Questions 1 to 5 are based on the following passage.
Every individual has his value. He has virtues and qualities which need appreciation by those who come in his contact. A true appreciation by those who come in his contact and unbiased but while evaluating a person there is nothing wrong in offering just praise.Just praise is debt and it should be duly paid at the right moment. If it is not paid, the debt stand and the person not praised feel offended.
Flatter is, however, a different phenomenon. It is more on the plus side than just an equation of a personality. By its very definition, it connotes something beyond deserving. It is, however, by the person to whom it is tendered. When a person is given praise beyond what he deserves, he naturally relishes such an appreciation. This is called flattery. Since it is offered when it is not obligatory on the part of the person offering it, it is termed as present. In day-to-day human relations, flattery plays an important part. It wins new friends and deepens old friendships. One most beautiful thing about flattery is that it does not cost in financial terms, yet as a present it is as valuable as any, precious gift of kind. Sweet words, appropriately used, go a long way in building friendly relations.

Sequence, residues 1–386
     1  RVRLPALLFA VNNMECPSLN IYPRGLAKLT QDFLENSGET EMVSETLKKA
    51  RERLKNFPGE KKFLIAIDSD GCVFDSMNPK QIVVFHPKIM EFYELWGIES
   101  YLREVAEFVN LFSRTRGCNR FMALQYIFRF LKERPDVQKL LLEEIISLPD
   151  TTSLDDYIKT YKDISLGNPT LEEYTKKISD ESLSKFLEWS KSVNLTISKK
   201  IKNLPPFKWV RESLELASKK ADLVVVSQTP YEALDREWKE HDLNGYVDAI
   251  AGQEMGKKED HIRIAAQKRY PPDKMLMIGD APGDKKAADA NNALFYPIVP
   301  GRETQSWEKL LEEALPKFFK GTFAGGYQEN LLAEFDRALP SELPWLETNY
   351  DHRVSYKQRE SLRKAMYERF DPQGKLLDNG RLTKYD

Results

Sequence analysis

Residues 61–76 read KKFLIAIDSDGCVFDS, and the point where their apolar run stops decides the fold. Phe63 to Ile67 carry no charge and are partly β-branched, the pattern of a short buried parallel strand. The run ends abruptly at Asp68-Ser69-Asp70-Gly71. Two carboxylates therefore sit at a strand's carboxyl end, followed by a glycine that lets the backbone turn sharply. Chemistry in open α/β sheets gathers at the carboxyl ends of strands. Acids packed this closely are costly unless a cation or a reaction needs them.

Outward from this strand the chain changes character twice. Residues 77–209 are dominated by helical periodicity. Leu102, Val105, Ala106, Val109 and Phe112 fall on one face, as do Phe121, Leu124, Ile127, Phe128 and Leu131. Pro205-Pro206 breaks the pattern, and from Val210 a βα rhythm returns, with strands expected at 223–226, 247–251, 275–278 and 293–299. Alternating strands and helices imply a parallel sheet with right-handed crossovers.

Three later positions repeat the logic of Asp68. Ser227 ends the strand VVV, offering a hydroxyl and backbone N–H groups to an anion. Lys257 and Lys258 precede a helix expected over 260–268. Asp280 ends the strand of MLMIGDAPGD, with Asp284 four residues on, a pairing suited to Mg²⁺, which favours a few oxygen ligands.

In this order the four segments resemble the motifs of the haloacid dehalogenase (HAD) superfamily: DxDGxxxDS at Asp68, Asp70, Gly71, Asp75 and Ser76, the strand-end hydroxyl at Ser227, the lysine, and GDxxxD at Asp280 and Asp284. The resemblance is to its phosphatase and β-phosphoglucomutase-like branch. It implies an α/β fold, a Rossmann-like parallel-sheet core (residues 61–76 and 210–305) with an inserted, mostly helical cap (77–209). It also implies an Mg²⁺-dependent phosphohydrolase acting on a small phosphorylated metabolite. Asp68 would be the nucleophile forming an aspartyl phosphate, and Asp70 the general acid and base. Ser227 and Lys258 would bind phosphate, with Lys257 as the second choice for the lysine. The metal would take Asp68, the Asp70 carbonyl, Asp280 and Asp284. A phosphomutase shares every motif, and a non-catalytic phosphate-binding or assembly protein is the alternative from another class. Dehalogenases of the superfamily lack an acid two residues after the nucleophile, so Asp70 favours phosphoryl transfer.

Thus our social behaviour when guided by the advice tendered in the statement of this paragraph is likely to make us popular. We are obliged to appreciate the good points of our friends and relations but if we present them with flattering words, even if they are beyond what they deserve, we are gainers in human relations.
1. According to the writer “just praise” is:


1. A debt which should be paid at every moment
2. A true appreciation which is impartial and unbiased
3. Offered to offend someone

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Q 1 to 4 are based on the following passage.
The great Caliph led a very simple life. His standard of living was in no case higher than that of an ordinary man. Once the Governor of Kufa visited him, while he was taking the meal comprising barely bread and olive oil. The Governor said, “Amir UlMomineen enough wheat is produced in your dominions why don’t you take wheat bread? Feeling somewhat offended the Caliph asked him in a melancholy tone “Do you think that wheat is available to each and every person in my vast Dominions”? “No”, replied the Governor “Then how can I take wheat bread, unless it is available to all of my people”? Added the Caliph.
1. What kind of life did the Caliph live?


1. Splendid
2. Luxurious
3. Simple

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